Meilani Schijvens, owner and Director of Rain Coast Data, gives her Southeast by the Numbers report to the Juneau Chamber of Commerce during its weekly luncheon at the Moose Lodge on Thursday, Oct. 10, 2019. (Michael Penn | Juneau Empire)

Meilani Schijvens, owner and Director of Rain Coast Data, gives her Southeast by the Numbers report to the Juneau Chamber of Commerce during its weekly luncheon at the Moose Lodge on Thursday, Oct. 10, 2019. (Michael Penn | Juneau Empire)

Economic outlook for Southeast a mixed bag

Things have remained flat over the past year

It’s a time of uncertainty for the economy of Southeast Alaska, but there’s nothing to be disappointed about, according to Meilani Schijvens, executive director of South Cost Data.

But she ended that statement with a qualifier.

“Nothing to be disappointed about … yet,” she said in an interview with the Empire following her presentation at this week’s Juneau Chamber of Commerce Luncheon.

[Check out the Empire’s live coverage of the event]

Schijvens presented a wealth of detailed information on the economy of Southeast Alaska, compiled for the “Southeast By the Numbers” report from Southeast Conference.

Southeast Conference is a regional economic development organization which promotes economic activities in Southeast Alaska. Its executive director, Robert Venables, introduced Schijvens at the Luncheon. The By the Numbers report is released annually.

“The region’s complex economic framework is thriving in some segments, while struggling in others,” the report says. Record numbers of visitors are coming to Southeast and spending lots of money, but other parts of the region’s economy aren’t doing as well.

[Public gets a look at Kensington mine expansion]

The economy of Southeast Alaska is flat in a number of sectors, Schijvens said. Government jobs — federal, state and local — have all seen declines but the private sector has seen growth both in the health care and tourism industries, according to the report.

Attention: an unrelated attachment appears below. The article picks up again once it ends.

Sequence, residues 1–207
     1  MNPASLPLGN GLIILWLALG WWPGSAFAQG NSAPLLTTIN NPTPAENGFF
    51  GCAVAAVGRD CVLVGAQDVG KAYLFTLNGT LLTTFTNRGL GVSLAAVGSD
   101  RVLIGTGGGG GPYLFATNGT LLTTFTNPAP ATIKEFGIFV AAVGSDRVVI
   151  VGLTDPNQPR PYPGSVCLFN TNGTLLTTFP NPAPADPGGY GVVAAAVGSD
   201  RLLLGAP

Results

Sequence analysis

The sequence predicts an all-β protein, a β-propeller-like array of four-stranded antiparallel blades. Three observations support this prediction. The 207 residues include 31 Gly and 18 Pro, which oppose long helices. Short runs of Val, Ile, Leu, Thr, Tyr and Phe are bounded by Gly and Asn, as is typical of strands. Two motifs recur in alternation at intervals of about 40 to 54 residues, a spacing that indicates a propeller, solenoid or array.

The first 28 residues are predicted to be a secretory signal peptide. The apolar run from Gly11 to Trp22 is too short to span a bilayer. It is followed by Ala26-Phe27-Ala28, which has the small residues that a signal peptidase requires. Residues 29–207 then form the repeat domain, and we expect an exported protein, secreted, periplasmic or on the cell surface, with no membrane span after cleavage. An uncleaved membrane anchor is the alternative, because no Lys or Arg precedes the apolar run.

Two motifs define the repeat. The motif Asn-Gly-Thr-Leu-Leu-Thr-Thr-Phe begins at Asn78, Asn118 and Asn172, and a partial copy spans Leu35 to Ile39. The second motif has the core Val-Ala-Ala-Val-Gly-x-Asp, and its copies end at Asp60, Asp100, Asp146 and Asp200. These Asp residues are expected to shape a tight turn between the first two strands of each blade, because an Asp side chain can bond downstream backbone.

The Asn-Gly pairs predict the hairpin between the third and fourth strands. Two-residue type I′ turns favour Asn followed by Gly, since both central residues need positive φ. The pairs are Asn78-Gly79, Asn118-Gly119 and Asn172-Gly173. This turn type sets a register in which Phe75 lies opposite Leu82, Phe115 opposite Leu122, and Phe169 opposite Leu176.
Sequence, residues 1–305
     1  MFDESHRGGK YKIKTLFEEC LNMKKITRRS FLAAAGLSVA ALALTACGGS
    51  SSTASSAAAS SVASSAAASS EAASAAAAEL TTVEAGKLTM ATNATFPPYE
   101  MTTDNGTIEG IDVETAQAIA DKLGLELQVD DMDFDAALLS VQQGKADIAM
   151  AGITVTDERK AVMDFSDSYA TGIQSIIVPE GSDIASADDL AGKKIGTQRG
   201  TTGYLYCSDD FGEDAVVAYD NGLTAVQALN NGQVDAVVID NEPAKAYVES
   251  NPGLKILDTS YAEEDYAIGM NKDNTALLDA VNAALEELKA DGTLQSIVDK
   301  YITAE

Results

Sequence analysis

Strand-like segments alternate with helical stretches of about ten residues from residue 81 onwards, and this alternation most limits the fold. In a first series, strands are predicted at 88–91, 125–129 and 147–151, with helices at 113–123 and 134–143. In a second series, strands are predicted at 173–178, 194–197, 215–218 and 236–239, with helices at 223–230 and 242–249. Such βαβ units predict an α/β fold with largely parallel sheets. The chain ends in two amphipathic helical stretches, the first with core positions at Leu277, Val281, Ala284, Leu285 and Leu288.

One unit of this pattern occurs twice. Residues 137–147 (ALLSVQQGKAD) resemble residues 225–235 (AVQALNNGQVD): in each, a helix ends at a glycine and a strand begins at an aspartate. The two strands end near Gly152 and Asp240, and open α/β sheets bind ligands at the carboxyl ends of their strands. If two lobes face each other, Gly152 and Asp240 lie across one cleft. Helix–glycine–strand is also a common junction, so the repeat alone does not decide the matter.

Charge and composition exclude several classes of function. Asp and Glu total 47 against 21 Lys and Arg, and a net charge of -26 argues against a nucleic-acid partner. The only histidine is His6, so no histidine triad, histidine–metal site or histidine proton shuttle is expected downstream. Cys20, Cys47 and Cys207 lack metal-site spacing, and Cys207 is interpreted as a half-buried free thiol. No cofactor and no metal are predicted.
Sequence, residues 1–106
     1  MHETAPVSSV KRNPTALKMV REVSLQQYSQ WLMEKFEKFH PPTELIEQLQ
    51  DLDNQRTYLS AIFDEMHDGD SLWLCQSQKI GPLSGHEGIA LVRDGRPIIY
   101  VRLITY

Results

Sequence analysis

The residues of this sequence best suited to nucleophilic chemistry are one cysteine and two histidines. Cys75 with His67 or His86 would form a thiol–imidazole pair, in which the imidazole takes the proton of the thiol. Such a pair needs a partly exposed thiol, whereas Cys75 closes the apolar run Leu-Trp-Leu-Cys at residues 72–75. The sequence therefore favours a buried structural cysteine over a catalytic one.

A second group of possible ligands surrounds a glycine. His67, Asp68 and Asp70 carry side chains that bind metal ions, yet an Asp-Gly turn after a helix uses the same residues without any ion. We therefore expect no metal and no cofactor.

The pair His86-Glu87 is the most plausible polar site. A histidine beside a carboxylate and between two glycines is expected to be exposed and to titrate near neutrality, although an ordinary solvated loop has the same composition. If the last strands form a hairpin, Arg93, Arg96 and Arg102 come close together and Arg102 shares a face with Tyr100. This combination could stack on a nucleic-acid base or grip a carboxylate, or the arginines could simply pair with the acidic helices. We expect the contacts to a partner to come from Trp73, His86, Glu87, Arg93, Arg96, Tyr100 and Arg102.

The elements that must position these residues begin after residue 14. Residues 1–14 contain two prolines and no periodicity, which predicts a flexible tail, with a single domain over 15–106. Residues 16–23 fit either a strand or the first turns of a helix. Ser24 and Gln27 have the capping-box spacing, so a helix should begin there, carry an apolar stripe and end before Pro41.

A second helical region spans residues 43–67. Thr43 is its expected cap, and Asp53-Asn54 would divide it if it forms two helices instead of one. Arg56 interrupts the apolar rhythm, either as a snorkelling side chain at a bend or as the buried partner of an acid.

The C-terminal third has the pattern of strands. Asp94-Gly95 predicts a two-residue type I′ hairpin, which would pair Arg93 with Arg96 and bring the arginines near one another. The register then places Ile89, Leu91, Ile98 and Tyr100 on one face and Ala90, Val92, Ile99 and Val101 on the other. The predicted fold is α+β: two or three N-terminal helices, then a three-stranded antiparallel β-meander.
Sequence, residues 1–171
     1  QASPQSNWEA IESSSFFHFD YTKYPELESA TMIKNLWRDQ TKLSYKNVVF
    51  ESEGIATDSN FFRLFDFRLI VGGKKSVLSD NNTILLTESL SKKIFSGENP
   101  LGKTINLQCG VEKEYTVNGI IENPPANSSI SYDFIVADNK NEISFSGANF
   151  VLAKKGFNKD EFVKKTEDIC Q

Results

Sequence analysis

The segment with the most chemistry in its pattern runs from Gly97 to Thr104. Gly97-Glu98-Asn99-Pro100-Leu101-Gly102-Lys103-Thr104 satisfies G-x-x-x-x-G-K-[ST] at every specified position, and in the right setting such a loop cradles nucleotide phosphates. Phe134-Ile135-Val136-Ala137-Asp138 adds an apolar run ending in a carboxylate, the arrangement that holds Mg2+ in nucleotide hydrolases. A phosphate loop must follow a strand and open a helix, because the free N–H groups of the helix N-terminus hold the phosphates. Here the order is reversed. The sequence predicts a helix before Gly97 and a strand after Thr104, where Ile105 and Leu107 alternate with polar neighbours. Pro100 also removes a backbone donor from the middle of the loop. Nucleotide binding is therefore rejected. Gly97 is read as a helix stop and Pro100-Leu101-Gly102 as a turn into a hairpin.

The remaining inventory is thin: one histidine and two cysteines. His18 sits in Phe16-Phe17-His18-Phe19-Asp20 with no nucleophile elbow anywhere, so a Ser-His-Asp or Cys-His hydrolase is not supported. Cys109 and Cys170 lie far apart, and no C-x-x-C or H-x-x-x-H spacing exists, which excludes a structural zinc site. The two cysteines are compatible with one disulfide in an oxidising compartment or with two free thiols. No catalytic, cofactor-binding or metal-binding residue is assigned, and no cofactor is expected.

Southeast Conference’s data says that more than 800 state government jobs have been lost in Southeast Alaska the past seven years but almost 500 jobs have been added in health care in the past four years. The tourism industry added over 2,000 jobs in the past seven years and the Conference projects that in 2020 the roughly million-and-a-half visitors to Southeast Alaska will spend roughly $800 million.

But the loss of government jobs was a particular drag on the region’s economy, especially Juneau.

“So we’re adding jobs that are lower pay and they don’t have those benefits that come with the state type of job,” Schijvens said. “It’s hard to know right now where we’re headed with the state economy.”

The greatest number of jobs was added in the tourism industry, and Schijvens says that average annual earnings for tourism jobs was going up.

“But that also has to do with the number of hours,” she said. “So people are getting paid better in the visitor industry because they’re working more hours.”

[Alaska Attorney General says longstanding hiring law is unconstitutional]